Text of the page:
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Safe Transportation of Premature Babies

Safe Transportation of Premature Babies

Babies born prematurely often require an adjustment of safety seats in cars during the first few months of their lives.

Full term babies  transported in a car should be positioned at a semi-reclining 45degree angle in the safety seat, facing the back of the vehicle. This way, if a frontal crash should occur, the force of impact will be absorbed by the safety seat, leaving the infant almost entirely unharmed. However, this position can be hazardous for underweight babies or infants with low muscle tone.

Recommendations by the Mishcon Family Center for the Safe Transportation of Children and Beterem Organization: (See Beterem's description under Beterem)

Preparing the infant for their first ride in a car:

  • Shortly before being released from the hospital, medical staff must examine the infant’s ability to properly be driven in a semi-reclining position.
  • The examination is performed in the following manner: The infant is placed in the safety seat for an hour and a half (or more, depending on the estimated time of the drive home) while connected to a monitor.
  • Medical staff ensures that no respiratory arrest, cardiac dysrhythmia or low oxygen saturation occurs while the infant is in the safety seat.
  • Based on the test results, it will be determined whether or not the infant can be driven safely in the seat, in a semi-reclining position.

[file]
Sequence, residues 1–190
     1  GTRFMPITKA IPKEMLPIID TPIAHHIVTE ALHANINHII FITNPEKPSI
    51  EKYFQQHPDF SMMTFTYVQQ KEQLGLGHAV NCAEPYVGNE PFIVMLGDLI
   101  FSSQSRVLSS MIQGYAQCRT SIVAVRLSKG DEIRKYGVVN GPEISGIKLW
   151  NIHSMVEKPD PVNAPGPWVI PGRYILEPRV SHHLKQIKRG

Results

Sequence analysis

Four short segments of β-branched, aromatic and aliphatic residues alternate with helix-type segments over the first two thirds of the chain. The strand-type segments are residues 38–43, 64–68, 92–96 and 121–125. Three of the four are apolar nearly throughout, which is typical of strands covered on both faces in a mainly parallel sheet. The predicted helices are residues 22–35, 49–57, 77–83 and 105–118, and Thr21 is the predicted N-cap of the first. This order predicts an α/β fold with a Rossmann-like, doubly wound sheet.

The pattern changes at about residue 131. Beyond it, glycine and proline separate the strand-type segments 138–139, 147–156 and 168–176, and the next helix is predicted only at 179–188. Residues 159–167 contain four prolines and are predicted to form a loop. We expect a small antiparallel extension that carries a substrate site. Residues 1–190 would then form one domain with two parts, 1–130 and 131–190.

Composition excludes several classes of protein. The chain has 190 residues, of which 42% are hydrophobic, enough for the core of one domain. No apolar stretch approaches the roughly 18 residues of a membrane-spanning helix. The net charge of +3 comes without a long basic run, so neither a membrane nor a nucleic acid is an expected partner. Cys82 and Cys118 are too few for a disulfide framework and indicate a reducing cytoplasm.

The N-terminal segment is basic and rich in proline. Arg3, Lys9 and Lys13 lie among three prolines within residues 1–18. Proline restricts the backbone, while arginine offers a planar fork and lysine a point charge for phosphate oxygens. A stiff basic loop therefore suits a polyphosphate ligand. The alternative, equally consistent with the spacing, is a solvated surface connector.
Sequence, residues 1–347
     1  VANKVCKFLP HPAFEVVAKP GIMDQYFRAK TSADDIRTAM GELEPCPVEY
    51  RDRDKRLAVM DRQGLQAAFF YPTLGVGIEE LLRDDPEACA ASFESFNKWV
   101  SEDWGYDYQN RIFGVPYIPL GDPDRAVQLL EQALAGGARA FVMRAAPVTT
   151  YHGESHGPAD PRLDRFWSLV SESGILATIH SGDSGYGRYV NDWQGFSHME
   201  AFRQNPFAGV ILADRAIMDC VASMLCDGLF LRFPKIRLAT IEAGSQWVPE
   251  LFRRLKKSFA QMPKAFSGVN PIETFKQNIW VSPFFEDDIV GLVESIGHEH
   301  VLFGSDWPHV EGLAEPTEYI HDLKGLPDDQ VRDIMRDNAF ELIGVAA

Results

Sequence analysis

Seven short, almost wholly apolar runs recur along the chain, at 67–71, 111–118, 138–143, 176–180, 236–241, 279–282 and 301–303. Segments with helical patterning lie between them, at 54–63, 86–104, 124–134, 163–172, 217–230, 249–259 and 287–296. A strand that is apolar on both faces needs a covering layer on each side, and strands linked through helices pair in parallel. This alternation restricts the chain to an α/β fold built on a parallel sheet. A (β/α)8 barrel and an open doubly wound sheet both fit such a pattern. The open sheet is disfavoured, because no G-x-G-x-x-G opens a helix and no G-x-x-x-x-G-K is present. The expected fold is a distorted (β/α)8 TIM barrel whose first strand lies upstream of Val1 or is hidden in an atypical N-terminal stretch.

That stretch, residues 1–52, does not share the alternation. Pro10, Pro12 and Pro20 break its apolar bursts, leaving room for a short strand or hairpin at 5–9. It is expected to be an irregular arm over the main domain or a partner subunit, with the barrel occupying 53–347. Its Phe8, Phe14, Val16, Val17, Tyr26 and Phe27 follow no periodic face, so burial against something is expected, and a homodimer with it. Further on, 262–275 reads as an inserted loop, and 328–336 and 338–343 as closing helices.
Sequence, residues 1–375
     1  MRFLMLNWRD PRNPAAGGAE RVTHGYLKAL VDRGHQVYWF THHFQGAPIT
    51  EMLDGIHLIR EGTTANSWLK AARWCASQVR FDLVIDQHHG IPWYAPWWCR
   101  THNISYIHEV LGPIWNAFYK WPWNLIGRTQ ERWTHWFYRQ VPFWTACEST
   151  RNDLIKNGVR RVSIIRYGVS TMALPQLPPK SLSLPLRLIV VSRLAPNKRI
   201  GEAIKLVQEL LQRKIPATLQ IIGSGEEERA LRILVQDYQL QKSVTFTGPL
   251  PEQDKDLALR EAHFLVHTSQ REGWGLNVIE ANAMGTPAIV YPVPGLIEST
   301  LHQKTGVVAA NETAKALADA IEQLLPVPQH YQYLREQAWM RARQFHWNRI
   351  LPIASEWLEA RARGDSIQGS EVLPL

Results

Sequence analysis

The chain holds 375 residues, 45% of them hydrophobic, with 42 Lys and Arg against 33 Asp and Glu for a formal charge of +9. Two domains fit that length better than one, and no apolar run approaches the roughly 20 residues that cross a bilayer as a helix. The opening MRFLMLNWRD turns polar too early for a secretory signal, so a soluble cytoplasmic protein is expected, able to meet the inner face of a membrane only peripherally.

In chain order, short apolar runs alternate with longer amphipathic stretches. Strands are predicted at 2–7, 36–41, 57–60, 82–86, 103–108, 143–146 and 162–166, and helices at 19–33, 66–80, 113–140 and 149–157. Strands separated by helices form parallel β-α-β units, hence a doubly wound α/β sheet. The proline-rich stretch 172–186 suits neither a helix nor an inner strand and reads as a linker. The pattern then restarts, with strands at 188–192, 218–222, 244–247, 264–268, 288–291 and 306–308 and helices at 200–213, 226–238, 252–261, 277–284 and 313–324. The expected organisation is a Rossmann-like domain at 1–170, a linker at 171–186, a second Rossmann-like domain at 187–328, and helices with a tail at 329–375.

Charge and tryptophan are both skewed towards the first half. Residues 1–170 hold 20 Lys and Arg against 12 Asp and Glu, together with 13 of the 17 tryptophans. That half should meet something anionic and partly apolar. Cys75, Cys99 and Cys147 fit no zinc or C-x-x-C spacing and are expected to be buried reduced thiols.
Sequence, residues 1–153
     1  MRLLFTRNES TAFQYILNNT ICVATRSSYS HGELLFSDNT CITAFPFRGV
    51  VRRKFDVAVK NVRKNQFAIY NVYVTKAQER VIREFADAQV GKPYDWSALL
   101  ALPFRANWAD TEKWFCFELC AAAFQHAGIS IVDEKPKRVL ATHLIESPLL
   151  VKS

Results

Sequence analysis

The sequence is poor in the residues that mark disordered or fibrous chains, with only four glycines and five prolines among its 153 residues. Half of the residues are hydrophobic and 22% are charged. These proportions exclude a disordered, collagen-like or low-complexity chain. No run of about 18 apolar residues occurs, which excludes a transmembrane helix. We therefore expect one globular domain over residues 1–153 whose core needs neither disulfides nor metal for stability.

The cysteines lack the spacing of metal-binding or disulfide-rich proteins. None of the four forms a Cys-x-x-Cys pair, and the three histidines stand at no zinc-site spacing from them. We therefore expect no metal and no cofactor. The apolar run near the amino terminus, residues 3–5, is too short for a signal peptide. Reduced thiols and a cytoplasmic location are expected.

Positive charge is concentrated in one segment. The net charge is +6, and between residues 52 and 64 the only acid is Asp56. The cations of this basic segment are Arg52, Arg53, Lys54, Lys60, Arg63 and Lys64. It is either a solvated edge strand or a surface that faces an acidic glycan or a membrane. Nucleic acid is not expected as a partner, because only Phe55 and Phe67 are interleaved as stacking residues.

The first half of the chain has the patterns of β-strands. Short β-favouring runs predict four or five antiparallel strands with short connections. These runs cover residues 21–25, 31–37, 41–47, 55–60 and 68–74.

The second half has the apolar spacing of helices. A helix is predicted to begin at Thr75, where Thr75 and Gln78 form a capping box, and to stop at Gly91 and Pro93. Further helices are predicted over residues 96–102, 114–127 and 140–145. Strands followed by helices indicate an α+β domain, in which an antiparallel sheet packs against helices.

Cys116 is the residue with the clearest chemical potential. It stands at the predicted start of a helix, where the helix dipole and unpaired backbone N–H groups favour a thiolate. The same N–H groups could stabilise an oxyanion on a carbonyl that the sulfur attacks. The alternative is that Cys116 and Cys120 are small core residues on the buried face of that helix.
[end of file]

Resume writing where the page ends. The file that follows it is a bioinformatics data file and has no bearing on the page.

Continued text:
• If the test results indicate there may be danger in driving the infant in a semi-reclining position, a doctor must check for alternatives, such as providing oxygen during the drive, driving the infant in a special recliner, or even providing further hospitalization.
  • A similar test should be performed on other high-risk groups: babies with low muscle tone (as a result of Down syndrome or neuromuscular conditions), for infants following cardiac surgery, and infants suffering from respiratory conditions.
  • Medical staff must instruct parents on how to safely transport a premature baby, including avoiding positioning the child in a semi-reclining position other than during transport.
  • If an infant needs to be transported with heavy medical equipment (monitor, oxygen, respiratory machine, etc.) all equipment should be properly placed and anchored to the car.
  • Equipment should be anchored with an available seatbelt or placed securely below the car seat.

 

Anchoring Equipment

 

Follow-up

An infant who must be driven while in a fully reclining position with added oxygen, can later progress to the normal position recommended for his or her age group if a second monitoring test determines that this is acceptable.